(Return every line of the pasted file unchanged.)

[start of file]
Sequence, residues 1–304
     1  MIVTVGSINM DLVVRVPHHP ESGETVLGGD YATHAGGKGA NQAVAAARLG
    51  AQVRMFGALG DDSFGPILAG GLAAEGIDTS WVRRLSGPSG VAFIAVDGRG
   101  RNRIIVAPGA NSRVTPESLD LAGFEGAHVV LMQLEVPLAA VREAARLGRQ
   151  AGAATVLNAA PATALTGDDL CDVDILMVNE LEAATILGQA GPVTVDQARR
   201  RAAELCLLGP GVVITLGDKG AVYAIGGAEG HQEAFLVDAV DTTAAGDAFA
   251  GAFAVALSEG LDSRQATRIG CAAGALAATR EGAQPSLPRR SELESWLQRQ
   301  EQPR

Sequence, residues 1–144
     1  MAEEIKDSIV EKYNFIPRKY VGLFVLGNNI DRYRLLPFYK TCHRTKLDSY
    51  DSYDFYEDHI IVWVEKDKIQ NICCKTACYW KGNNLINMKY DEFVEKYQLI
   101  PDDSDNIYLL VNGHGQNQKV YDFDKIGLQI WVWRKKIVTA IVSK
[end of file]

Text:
Sequence, residues 1–304
     1  MIVTVGSINM DLVVRVPHHP ESGETVLGGD YATHAGGKGA NQAVAAARLG
    51  AQVRMFGALG DDSFGPILAG GLAAEGIDTS WVRRLSGPSG VAFIAVDGRG
   101  RNRIIVAPGA NSRVTPESLD LAGFEGAHVV LMQLEVPLAA VREAARLGRQ
   151  AGAATVLNAA PATALTGDDL CDVDILMVNE LEAATILGQA GPVTVDQARR
   201  RAAELCLLGP GVVITLGDKG AVYAIGGAEG HQEAFLVDAV DTTAAGDAFA
   251  GAFAVALSEG LDSRQATRIG CAAGALAATR EGAQPSLPRR SELESWLQRQ
   301  EQPR

Sequence, residues 1–144
     1  MAEEIKDSIV EKYNFIPRKY VGLFVLGNNI DRYRLLPFYK TCHRTKLDSY
    51  DSYDFYEDHI IVWVEKDKIQ NICCKTACYW KGNNLINMKY DEFVEKYQLI
   101  PDDSDNIYLL VNGHGQNQKV YDFDKIGLQI WVWRKKIVTA IVSK